SAKHIR, Bahrain — Eight months after gambling on a move to Aston Martin, Fernando Alonso said he could not believe he has a car to fight for a podium at the Bahrain Grand Prix — even if Saturday’s qualifying performance didn’t quite live up to the hype of the past 24 hours.
Aston Martin’s blistering preseason form had many predicting they could turn F1’s Big Three into a Big Four this year, but Alonso’s practice pace had fans dreaming that the two-time world champion had a car to challenge Max Verstappen and Red Bull out in front.
Alonso qualified fifth, behind the two Ferraris but ahead of the two Mercedes drivers.
When asked if he can fight for a podium Sunday, Alonso laughed and said: “Let’s see!
“I’m laughing because going for a podium in race one … It feels too good to be true.
“It feels so strange for me to say we are P5 and maybe we are aiming for more. We thought to be honest that the first three teams were untouchable this year with the advantage they had last year.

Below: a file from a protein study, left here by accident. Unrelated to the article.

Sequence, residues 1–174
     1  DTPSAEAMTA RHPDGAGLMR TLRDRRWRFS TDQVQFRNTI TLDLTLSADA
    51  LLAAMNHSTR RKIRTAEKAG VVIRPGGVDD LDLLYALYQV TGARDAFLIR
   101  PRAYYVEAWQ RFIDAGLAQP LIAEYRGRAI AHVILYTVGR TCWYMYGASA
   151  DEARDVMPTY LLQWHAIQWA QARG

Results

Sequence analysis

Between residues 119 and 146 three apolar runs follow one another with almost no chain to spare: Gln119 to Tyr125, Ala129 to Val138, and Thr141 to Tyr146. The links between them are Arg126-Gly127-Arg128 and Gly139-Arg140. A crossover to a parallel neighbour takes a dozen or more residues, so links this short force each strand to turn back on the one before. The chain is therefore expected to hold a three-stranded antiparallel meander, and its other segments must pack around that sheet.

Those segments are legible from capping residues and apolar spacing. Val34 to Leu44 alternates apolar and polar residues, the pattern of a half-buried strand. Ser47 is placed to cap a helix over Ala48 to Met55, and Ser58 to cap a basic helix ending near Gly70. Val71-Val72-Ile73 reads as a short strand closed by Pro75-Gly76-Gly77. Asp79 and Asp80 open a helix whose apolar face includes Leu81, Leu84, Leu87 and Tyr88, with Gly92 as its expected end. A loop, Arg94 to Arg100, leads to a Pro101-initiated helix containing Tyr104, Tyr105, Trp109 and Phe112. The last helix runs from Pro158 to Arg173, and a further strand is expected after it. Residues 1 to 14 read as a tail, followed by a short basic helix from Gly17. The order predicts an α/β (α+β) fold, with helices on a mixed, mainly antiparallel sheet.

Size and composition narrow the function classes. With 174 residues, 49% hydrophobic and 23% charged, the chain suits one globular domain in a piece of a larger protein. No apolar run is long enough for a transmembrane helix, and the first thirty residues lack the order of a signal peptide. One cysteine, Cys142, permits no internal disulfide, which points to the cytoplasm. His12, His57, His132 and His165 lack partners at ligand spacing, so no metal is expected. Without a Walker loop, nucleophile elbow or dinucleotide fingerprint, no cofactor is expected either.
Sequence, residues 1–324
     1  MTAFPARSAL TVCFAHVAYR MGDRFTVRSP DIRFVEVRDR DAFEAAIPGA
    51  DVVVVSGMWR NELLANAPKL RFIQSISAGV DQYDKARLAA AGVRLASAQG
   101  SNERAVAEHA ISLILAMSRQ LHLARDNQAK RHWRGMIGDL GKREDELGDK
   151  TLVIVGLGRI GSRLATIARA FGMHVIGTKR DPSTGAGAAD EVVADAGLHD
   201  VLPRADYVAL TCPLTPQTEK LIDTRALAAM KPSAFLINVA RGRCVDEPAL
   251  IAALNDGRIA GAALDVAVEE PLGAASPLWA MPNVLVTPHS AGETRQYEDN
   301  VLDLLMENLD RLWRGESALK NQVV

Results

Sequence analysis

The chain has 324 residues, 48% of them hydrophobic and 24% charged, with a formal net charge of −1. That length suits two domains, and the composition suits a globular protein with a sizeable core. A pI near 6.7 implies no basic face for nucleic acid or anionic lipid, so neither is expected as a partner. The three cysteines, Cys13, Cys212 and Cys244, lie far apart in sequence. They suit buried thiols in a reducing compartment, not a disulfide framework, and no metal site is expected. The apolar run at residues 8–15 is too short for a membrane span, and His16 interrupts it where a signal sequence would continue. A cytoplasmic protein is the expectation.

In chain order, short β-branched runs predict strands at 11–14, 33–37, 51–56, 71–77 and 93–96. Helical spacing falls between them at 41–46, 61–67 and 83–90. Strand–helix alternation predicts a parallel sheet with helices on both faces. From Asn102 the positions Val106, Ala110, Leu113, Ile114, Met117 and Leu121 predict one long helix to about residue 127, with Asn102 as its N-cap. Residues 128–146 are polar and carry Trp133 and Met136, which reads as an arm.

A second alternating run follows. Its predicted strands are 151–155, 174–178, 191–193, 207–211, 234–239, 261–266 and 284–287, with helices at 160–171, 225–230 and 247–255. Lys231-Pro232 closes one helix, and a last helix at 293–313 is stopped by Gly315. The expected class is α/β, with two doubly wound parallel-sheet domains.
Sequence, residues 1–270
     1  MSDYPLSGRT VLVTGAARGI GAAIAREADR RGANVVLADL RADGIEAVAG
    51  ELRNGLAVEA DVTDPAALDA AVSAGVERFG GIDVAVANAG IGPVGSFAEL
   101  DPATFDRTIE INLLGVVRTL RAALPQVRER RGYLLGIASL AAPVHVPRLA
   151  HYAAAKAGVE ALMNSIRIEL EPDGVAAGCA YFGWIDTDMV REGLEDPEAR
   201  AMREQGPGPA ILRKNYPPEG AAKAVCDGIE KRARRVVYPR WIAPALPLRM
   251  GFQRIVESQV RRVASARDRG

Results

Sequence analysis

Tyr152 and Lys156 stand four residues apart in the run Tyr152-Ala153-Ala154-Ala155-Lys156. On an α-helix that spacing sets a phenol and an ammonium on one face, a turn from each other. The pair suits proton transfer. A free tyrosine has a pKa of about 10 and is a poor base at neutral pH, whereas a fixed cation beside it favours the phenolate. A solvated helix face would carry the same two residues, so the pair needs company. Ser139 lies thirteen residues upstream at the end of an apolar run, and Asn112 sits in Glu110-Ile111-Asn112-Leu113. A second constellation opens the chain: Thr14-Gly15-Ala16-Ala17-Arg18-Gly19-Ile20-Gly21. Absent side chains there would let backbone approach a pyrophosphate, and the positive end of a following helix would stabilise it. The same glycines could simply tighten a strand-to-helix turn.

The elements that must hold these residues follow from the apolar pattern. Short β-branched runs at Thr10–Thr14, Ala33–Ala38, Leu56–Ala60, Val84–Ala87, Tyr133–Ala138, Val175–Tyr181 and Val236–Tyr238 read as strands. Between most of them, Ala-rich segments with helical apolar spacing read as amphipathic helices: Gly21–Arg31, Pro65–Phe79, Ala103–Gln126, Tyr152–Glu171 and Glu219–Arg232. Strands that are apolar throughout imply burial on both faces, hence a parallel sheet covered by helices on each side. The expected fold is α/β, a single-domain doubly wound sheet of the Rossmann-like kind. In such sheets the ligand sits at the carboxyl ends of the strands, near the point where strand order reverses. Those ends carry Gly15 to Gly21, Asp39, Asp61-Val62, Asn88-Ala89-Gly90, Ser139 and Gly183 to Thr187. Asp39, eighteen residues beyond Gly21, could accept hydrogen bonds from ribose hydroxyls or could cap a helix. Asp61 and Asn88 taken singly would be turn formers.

“Maybe try to lead the midfield or mix in the midfield … now we are saying we start P5 and maybe we fight with the Ferraris for the podium. This is just incredible. Let’s keep working, keep feet on the ground and execute the race in the best way possible, no mistakes, good start, good pit stops, let’s see where we are.
“But yeah, right now we are living a dream.”
Alonso’s decision to sign a contract with Aston Martin for this season midway through 2022, leaving fourth-placed Alpine for a team which finished seventh, raised eyebrows at the time.
The Spaniard said this week the team knew it had something special on its hands, even if Red Bull always seemed out of reach.
“It was amazing. The whole weekend has been unreal for us. It was like too good to be true, every session and every performance of the car. In qualifying our expectation was to be around half of a second from Red Bull. … I think we are half a second or sixth-tenths from Red Bull. So it was quite right.
“I don’t know what to say because eight months ago the project was just a bet but now to be, race one with a completely new car, which I think still needs to unlock a lot of potential to be in the top five, fighting with Ferrari and Mercedes, it seems a little bit unreal. But we’ll take it for sure.”
Despite being widely regarded as one of the best drivers of the modern era, Alonso has not had a genuinely competitive car for a long time. His last pole position came at the 2012 Hungarian Grand Prix, his last win at the 2013 Spanish Grand Prix.